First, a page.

UNICEF: Ukrainian adolescents neglect their health, eat unhealthy food and spend their lives on social networks

UNICEF has published the findings of its research on: “Social conditionality and indicators of adolescent and youth health in Ukraine.”

22 May 2019
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UNICEF

Kyiv, Ukraine, 22 May 2019: Today, the United Nations Children’s Fund (UNICEF) has published the findings of its research on: “Social conditionality and indicators of adolescent and youth health in Ukraine.” The new sociological survey provides a detailed statistical account of the health of school children, and the impact of various factors on their well-being and behaviour patterns.

“Education and behaviour shaping of adolescents are key prerequisites of a healthy and peaceful society. In our survey, Ukrainian adolescents reported low levels of exercise and mostly unhealthy eating habits. They have reported the spread of bullying and cyberbullying, violence in schools and insufficient everyday support from their families. This is affecting their educational outcomes and could, in the long run, affect their health and well-being in adulthood,” said Lotta Sylwander, UNICEF Representative in Ukraine, “We urge students, teachers, parents, communities and media to work together to promote healthy lifestyles and create a supportive school environment.”

Self-rated health and mental well-being

Using the body mass index, every third adolescent is overweight. One in five adolescents consider their health to be ‘so-so or ‘poor.’ Girls tend to rate their health twice as worse as boys – one in three girls consider their health to be ‘so-so or ‘poor.’ This is almost twice as high as the global average and six times higher than in countries such as North Macedonia.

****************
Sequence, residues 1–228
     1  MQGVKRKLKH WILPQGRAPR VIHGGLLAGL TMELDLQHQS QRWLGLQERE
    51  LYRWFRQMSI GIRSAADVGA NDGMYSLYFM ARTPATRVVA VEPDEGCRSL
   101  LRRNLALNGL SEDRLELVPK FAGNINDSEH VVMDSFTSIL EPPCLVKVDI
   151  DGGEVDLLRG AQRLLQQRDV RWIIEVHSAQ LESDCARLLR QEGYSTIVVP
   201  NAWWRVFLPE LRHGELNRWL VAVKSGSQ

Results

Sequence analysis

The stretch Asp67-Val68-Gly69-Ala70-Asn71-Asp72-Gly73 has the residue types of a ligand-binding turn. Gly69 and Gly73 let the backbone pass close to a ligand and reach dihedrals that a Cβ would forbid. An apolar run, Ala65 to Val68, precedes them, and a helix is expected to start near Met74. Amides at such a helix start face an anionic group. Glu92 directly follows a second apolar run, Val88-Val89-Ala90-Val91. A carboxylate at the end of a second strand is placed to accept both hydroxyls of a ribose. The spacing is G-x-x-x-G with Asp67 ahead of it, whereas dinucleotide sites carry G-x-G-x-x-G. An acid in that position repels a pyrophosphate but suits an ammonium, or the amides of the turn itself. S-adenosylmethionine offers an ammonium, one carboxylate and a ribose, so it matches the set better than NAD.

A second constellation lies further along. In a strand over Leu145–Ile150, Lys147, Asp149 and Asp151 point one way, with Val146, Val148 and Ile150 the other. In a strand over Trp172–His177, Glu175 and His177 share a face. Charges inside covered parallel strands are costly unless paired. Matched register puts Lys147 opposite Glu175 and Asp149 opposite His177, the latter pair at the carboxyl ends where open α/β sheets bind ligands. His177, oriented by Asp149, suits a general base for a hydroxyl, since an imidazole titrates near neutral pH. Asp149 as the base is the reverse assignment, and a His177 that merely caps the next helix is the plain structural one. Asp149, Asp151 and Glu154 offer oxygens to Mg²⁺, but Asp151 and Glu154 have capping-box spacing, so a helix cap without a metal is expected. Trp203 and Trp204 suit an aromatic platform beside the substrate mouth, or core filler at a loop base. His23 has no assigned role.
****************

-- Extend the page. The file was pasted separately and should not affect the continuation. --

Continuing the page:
More than a half the adolescents complained of being nervous, irritated or having bad moods once a week or more. In addition, every third adolescent reported feeling depressed, with girls more likely to report this.

Every fourth respondent claimed that over the past year, they had experienced a level of sadness or hopelessness that made them stop their regular activities for two consecutive weeks. This was reported by every third girl (31 per cent) and every fifth boy (21 per cent).

Family and its impact on health of adolescents

One in three mothers of school children do not know what their children are doing in their free time. Moreover, almost half the school children indicated that their fathers did not know who their friends were. Every third adolescent never plays with her or his parents at home, and one in five never take part in sports activities with their parents.

Compared to the previous survey, the number of adolescents who felt their parents support in their decision making increased from 78 per cent in 2014 to 85 per cent in 2018.

Tobacco, alcohol and other substances

When children reach 10 years of age, one in seven already have experience of consuming alcohol, while over 60 per cent of 17-year-olds have consumed alcohol at least once in their lives. One in four adolescents have been intoxicated at least once in their lives, with figures of 6.4 per cent for 10-year-olds and 48 per cent for 17-year-olds.

Among 11-17 year olds, 16 per cent of girls and 24 per cent of boys have experience of using tobacco. Tobacco consumption among 15-year-old boys is especially worrying. More than 40 per cent of boys in this age group reported that they smoke. This is twice as high as in Armenia and much higher than the average for all the countries participating in the survey (34 per cent).

Eight per cent of 13-17 year-olds have used marijuana at least once in their lifetimes. This is significantly less than the figure in the 2012 baseline survey (23 per cent).